If you’re new to this world of OBD, then you might not know what the OBD2 CAN protocol is. This is a parameter of the monitor related to the emission of the ECU and follows the guidelines of CRAB. This guideline not only gives you data storage but also gives you data accessibility for external scan tools. There are many support systems containing this OBD, like K-line, CAN, etc. The most useful system is the CAN or Control Area Network. It is used to communicate with other devices, like the phone. And this handles protocol. After 2008, it became mandatory to contain all cars under this CAN protocol. Nissan also has this protocol.
What is the CAN protocol used for?
Can buses be mainly used as a communication tool? The CAN protocol can be used to run five protocols of the OBD2 system. So this means OBD2 is a diagnostic system, and this second generation is used in every corner of the world. But OBD2 and CAN are mainly used in cars for communication purposes. But both of these protocols have identical connectors. That’s J196. That’s why many people get confused about this protocol. But OBD and CAN are different from each other.
What are the five common OBD2 CAN protocols?
When you inspect any old car, you will notice four protocols in OBD. Actually, this is the basis of the OBD2 scanner. The pinouts of this OBD2 scanner so that it can be helpful to determine which protocol is used in your car:
ISO 15765 (CAN bus): mandatory in US cars since 2008, is today used in the vast majority of cars.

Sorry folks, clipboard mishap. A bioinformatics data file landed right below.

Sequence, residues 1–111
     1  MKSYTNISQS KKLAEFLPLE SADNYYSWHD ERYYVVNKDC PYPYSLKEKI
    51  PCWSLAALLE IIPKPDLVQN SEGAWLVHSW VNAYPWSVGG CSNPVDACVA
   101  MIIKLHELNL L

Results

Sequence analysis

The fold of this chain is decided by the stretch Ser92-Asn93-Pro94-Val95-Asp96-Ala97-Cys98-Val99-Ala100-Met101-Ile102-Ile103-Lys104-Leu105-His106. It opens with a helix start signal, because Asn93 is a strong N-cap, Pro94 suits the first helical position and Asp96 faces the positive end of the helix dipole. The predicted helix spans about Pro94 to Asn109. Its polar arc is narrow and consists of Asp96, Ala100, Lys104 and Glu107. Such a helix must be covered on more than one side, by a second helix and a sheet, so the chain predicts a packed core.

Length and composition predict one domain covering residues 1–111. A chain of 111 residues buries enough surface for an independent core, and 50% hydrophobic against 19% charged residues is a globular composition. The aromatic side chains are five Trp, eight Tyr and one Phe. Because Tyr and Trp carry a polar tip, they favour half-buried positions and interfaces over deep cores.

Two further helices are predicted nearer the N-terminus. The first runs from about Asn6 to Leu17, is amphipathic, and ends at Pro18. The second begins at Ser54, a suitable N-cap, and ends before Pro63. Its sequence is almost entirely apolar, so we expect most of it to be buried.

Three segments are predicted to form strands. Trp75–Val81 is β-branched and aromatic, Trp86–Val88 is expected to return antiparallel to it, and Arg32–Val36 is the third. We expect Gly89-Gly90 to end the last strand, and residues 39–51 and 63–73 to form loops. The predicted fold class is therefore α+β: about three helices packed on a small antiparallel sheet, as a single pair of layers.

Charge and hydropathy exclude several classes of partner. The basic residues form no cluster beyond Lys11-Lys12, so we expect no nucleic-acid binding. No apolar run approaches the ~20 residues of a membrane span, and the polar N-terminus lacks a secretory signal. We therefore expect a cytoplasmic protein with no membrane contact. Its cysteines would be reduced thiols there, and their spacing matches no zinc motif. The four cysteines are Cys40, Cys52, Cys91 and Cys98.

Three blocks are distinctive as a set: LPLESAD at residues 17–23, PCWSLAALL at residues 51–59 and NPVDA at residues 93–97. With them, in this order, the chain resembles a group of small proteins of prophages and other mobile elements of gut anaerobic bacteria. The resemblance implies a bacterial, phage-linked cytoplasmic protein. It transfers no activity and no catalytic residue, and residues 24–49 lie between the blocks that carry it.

ISO14230-4 (KWP2000): The Keyword Protocol 2000 was a common protocol for 2003+ cars in, e.g., Asia.
ISO 9141-2: Used in EU, Chrysler & Asian cars in 2000-04
SAE J1850 (VPW): Mostly found in older GM vehicles
SAE J1850 (PWM): Found primarily in older Ford vehicles
OBD2 and CAN BUS have a converter that can easily transfer the information and also vice-versa. This converter is a CAN signal converter that converts the signal so it can fit into the OBD 2 socket. This also provides helpful data by extracting and converting engine data from the vehicle’s CAN bus network. Both are very different things for every car. Both are used for communication reasons. As I said, both are used for different purposes, so it’s very important for every car.
Hi, I am Henry, the owner of this website. If you are a DIY car enthusiast like me and are looking for an all-purpose OBD2 scanner, you’ve come to the right place. With 5+ years of experience in the automobile industry, I have in-depth knowledge about most of the OBD2 scanners regarding their software versions, firmware, features, updates, and compatibility. I love reviewing these gadgets after using and testing them personally. As a result, I always try to provide my honest opinion on the overall product quality.